Potential University Changes May Affect Local Economies

By Andrea Sears, Public News Service
for The Posts

HARRISBURG PA – A new report says the proposed consolidation of Pennsylvania’s 14 public universities would mean significant job losses and economic decline in surrounding communities.

The Board of Governors for the Pennsylvania State System of Higher Education voted Wednesday (April 28, 2021) to advance a plan that would consolidate six campuses into two larger institutions, and to reduce faculty and staff levels system-wide. If approved, the plan would eliminate more than 1,500 jobs in 2023.

Overseen by the board are Bloomsburg University, California University, Cheyney University, Clarion University, East Stroudsburg University, Edinboro University, Indiana University, Kutztown University
Lock Haven University, Mansfield University, Millersville University, Shippensburg University, Slippery Rock University, and West Chester University.

Report co-author Michael Ash – chair of the Economics Department at the University of Massachusetts, Amherst – claims that would cause further job losses in communities where the universities are major employers, It would cost surrounding counties millions in lost revenue, as well as local and state tax revenue, he said.

“This will rank in the top 1 percent of layoffs in Pennsylvania since 2011,” Ash said. “This is a very large economic impact.”

Board Chancellor Daniel Greenstein reported the universities’ enrollment has dropped 21 percent in the past decade. Without consolidation, he added, the system could face dissolution or have to close campuses.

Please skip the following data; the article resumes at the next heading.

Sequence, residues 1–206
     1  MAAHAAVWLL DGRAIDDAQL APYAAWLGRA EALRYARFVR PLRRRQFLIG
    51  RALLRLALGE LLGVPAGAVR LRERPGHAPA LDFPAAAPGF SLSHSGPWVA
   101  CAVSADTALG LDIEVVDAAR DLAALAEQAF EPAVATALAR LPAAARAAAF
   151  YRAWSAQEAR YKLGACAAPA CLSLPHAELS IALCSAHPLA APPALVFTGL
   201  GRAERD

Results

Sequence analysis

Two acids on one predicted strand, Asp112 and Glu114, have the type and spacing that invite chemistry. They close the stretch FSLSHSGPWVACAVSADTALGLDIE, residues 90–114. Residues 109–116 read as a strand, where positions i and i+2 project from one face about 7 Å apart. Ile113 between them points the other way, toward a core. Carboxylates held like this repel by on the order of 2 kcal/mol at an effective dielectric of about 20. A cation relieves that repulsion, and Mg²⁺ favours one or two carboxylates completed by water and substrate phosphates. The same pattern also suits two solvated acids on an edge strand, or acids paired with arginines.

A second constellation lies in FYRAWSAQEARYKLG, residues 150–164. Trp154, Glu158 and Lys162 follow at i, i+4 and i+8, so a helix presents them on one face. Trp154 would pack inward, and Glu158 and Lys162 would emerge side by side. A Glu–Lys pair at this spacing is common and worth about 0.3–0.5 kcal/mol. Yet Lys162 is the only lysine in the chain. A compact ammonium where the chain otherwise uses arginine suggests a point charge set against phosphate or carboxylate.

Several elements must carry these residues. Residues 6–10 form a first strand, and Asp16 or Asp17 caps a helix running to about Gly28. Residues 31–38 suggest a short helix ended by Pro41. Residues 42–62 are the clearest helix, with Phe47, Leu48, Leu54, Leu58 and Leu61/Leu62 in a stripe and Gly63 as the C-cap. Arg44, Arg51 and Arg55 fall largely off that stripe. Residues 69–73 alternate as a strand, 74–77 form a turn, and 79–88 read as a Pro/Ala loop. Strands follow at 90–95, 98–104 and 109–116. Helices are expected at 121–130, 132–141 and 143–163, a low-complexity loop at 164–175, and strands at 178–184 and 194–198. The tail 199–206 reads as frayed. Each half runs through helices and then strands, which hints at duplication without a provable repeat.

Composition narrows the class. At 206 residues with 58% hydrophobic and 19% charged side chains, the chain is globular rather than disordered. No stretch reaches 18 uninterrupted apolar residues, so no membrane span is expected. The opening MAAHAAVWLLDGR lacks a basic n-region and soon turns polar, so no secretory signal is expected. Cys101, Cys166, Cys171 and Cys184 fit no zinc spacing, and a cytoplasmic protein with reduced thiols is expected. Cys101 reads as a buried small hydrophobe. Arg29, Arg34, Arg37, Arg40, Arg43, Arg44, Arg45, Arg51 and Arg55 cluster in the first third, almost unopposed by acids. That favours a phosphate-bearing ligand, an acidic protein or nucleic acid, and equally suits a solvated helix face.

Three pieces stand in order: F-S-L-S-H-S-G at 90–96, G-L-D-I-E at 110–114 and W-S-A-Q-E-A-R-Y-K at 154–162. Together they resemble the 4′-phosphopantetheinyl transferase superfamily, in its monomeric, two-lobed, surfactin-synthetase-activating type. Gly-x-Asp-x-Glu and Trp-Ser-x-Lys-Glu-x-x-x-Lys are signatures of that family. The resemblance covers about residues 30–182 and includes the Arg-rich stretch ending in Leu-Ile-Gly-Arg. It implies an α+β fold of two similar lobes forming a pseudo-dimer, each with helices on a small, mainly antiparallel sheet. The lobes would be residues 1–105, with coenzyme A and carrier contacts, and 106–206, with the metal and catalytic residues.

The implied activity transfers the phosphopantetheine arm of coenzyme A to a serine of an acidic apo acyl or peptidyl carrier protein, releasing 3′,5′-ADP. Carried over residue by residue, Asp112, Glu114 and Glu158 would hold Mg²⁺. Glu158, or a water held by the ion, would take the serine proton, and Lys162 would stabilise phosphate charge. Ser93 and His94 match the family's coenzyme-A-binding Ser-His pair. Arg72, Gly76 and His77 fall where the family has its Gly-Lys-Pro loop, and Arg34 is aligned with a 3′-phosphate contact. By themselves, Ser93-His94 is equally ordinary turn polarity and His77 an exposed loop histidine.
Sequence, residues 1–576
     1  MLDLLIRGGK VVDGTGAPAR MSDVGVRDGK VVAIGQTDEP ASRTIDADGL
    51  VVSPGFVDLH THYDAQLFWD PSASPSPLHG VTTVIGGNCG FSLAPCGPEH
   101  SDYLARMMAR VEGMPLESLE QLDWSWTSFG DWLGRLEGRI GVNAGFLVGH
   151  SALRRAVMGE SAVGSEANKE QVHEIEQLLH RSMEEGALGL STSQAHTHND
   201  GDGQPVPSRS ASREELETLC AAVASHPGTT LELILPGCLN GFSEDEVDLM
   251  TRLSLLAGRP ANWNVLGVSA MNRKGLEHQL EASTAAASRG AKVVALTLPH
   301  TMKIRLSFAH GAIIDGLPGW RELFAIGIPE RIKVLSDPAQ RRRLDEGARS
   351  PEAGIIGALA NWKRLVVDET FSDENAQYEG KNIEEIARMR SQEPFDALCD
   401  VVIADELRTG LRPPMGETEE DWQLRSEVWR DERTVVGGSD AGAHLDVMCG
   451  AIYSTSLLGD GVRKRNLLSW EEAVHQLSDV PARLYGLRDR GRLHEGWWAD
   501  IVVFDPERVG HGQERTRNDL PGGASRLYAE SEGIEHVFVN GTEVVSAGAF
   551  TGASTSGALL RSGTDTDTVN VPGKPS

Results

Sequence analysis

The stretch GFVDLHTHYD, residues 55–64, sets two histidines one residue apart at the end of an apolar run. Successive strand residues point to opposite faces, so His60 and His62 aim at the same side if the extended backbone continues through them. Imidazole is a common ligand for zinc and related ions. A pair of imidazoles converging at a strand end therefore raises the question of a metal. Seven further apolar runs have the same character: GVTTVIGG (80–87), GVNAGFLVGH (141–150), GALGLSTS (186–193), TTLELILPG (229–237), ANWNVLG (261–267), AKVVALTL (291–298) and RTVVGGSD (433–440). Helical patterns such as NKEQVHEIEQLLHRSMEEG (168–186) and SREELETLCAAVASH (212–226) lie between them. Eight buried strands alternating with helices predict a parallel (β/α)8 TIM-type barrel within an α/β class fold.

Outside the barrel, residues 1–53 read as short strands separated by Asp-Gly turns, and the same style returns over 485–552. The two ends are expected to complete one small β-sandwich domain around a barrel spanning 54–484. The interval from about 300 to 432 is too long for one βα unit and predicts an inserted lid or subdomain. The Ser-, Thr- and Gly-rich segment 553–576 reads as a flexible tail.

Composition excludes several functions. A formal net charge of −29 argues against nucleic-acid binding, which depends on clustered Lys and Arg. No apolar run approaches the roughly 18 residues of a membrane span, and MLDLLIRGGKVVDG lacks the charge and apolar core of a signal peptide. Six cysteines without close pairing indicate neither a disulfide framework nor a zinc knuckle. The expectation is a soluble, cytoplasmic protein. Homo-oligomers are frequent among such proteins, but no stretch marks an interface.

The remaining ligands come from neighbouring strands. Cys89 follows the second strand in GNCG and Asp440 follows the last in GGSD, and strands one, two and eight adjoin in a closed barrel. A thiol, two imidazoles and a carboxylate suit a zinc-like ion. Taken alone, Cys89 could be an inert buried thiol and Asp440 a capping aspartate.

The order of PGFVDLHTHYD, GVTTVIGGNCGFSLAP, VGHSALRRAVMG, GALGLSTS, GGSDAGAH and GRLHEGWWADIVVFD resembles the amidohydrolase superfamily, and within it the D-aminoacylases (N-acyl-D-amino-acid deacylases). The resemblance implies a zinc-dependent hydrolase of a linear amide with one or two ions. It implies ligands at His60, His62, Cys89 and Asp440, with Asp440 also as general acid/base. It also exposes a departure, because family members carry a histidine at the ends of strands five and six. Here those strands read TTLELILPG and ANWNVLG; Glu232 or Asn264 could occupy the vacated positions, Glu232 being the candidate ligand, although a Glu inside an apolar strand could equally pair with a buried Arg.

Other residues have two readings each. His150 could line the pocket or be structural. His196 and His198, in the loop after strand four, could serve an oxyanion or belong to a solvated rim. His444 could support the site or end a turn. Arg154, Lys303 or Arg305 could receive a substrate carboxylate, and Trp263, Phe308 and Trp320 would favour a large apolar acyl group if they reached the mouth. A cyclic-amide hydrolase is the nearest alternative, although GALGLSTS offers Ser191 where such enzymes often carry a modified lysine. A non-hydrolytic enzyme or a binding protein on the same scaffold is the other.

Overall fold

Marc Stier, director of the Pennsylvania Budget and Policy Center, blames decades of declining state spending on higher education for the enrollment drop. He said state funding for the universities has fallen to just 38 percent of the level it was in 1983 and 198484. “Those universities,” Stier said, “which were once the engines of social mobility in Pennsylvania, have become much less effective at that task as tuition has gone up.

Higher tuitions made the universities “less accessible to working people,” Stier suggested. He said the price of a four-year education, as a percent of the median income in Pennsylvania, is now tied with Alabama as the second least-affordable in the country.

Most of the untenured faculty at the universities, those most likely to be cut, and almost 60 percent of students enrolled in the system are women,” Ash noted. “Some of the campuses have female enrollment as high as 70 percent,” he said. “So, as these cuts arrive, there’ll be a disproportionate impact” on female enrollment in the system.

The Board of Governors’ vote launched a 60-day public comment period on the proposal. A final vote is scheduled for July.

Photo of students in class supplied by Public News Service